Gold and Winter Glory
Sean Sweany | Wednesday, February 15, 2006
As the Olympic Games at Torino kick into high gear this week, headlines are filling quickly with updates from the Italian Alps.
For some, the abundance of coverage is pure bliss, but others actively look forward to the closing ceremonies of the cold-weather sports. The magic of Hollywood can provide a simple alternative for both those awaiting the next piece of coverage and for anyone hoping for warmer weather. Various films use the competitive zeal of the winter Olympics as a backdrop, but only a select handful appear ageless and continue to enthrall audiences regardless of the season.
D2: The Mighty Ducks (1994)
Quack. Quack. Quack. This popular chant, made famous by the first “Mighty Ducks” movie, echoes the same goofy sentimentality in this second film of the Disney franchise.
Emilio Estevez returns as Gordon Bombay, a minor league hockey hopeful who must return to coach the Minnesota Mighty Ducks after suffering an injury. The Ducks are invited to a teenage version of the Olympics – the Junior Goodwill Games – in Los Angeles, Calif.
Branded as Team USA, the group is quickly overwhelmed with the hype and glamour of Los Angeles. Much like the first film, both the coach and the team lose focus before rallying around each other at the end of the movie to beat the bigger and meaner Iceland squad.
There are many reasons why this should be a bad film. The plot is predictable and laughable, the acting ranges between the B-grade talents of Emilio Estevez and Joshua Jackson (“Dawson’s Creek”) and the hockey presented in the movie is horribly fake. Nevertheless, “D2” has found a deserved place in the hearts of many viewers.
As expected with a Disney film, the message is positive and conveyed in an interesting format. Any youth aspiring to play hockey is undoubtedly aware of the “Knucklepuck” and “The Flying V,” two moves immortalized in the “Mighty Ducks” series.
Additionally, the dramatic theme song helps make the movie memorable, especially during the final shootout scene, when the Ducks win victory over Iceland wearing the same uniforms the NHL’s Anaheim Mighty Ducks wear.
While cheesy and simple, “D2: The Mighty Ducks” is a film that resonates and recalls childhood. Tied to the Olympics at least somewhat, it is a film worth viewing to get in the spirit of international hockey competition.
Cool Runnings (1993)
“Cool Runnings” falls in the same genre as “D2” – another feel-good, inspirational family movie from Disney. Inspired by a true story, the film relates the trials of the 1988 Jamaican bobsled team, which struggled against the odds to simply train and compete in the Winter Olympics at Calgary.
The story begins with Jamaican track runner Derice Bannock (Leon Robinson, “Oz”), who falls victim to an accidental tripping incident, disqualifying him from representing the Jamaican team at the Olympics.
In his desire to compete, Bannock decides to organize a bobsled team since one does not exist in Jamaica. In spite of the fact that there is no snow in Jamaica and little time remains before the Olympics, he fields three other men for a team and finds a coach in Irving Blitzer (John Candy, “Home Alone”).
Publicly disgraced when he had a gold medal taken away for cheating, Blitzer is another misfit who joins the group. Thanks to the acting of Candy and the other members of the bobsled team, there is enough comedy to carry the movie through to its completion.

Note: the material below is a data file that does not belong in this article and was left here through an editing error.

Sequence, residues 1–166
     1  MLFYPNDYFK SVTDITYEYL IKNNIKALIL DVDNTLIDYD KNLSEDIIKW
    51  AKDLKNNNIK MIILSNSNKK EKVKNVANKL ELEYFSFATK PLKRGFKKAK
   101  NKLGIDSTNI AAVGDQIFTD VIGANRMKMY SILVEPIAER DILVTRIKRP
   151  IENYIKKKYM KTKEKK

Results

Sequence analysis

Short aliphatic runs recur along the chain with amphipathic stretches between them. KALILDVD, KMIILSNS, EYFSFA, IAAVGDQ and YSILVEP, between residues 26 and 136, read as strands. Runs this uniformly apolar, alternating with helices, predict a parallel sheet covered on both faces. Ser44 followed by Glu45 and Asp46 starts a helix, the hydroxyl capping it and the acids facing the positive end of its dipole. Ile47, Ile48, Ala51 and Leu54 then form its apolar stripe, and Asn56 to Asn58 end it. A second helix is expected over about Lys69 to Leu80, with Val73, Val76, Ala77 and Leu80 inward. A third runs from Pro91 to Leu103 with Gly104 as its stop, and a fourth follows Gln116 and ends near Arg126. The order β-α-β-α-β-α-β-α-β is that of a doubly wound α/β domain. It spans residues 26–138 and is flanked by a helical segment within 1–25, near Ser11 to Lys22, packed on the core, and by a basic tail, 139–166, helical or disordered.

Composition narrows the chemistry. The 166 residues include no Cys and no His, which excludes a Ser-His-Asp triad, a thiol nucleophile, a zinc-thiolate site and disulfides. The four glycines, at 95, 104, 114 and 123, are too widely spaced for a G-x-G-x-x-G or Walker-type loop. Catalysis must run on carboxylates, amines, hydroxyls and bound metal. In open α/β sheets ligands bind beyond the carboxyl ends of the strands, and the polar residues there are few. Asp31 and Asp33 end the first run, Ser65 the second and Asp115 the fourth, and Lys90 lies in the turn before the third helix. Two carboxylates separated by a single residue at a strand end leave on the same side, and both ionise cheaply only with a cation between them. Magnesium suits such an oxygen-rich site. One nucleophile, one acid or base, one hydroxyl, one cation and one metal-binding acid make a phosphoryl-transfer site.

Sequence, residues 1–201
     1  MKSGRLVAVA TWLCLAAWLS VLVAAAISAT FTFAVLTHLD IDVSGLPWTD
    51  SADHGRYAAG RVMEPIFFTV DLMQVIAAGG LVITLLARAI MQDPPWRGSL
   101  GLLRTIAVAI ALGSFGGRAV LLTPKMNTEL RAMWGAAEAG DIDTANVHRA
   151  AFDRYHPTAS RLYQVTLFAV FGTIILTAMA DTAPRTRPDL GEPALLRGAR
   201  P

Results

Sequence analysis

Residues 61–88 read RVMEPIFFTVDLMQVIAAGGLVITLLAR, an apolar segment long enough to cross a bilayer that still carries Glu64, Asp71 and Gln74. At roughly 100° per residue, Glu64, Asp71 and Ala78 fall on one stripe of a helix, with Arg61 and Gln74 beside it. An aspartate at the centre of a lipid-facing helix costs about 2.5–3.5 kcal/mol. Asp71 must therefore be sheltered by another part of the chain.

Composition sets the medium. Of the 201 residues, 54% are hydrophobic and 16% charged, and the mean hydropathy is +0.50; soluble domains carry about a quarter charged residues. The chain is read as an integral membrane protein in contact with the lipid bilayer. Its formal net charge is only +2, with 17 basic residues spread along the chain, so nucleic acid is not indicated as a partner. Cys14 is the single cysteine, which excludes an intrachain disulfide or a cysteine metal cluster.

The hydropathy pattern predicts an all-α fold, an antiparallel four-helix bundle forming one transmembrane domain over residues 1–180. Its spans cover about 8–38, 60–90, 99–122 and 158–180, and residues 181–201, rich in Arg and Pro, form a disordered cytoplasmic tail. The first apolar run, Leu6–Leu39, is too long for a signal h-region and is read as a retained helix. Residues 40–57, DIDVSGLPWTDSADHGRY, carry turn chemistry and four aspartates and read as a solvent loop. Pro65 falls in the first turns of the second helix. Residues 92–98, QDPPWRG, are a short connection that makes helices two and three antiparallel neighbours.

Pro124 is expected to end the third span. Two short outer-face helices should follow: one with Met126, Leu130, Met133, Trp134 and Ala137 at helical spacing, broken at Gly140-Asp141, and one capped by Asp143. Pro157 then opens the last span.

The team faces much hardship and scrutiny from outsiders because of its appearance and actions once at the Olympics. Their looks, reggae music and unconventional style draw derision and make them stick out like sore thumbs in the cold weather of Canada – until they begin to perform well and amaze the world.
This is an entertaining movie that accomplishes what it sets out to do – tell a story about personal courage in a fun, lighthearted manner. The late Candy turns in an emotional, inspired performance that highlights his diversity as an actor.
The various bobsled scenes provide enjoyable action, including a funny run down the hills of Jamaica. “Cool Runnings” is another enjoyable Winter Olympics movie that tells of the unending perseverance of the human heart.
The 1980 “Miracle on Ice” – the U.S. men’s hockey victory over Russia – is documented in the film “Miracle.” The movie stars Kurt Russell (“Backdraft”) as Herb Brooks, the legendary coach of the team of college players against the Russian juggernaut at the Lake Placid Olympic games. During the Cold War, when the threat of a possible nuclear showdown between the United States and Russia loomed overhead, the world watched as the two countries battled on the ice.
This excellent film manages to capture the mood of the time while detailing the training and play of the Olympic team. The scenario of a young team facing a perennial powerhouse and winning is the inspiration for many sports movies, including the Mighty Ducks series, but this version is the precedent from which the other movies draw their ideas.
The hockey in “Miracle” is real, as director Gavin O’Connor cast actual hockey players as his actors. Unique cameras and microphones were used in production to capture the sights and sounds of the hockey scenes filmed for the movie. This credibility makes the movie enjoyable for serious hockey fans and those looking for a relaxing watch.
As the Americans make their way through the Olympics, coming from behind to beat every team they play, the showdown with Russia in the semifinals takes the world stage.
Russell turns in a spectacular performance as a stern, caring, plaid-wearing head coach who must lead his team to victory amidst many distractions.
The historic game against Russia is tense and exciting, capped with the famous Al Michaels question at the final buzzer, “Do you believe in miracles? Yes!”
Overall, “Miracle” is well done and presents both the spirit of Olympic competition and a feel-good success story.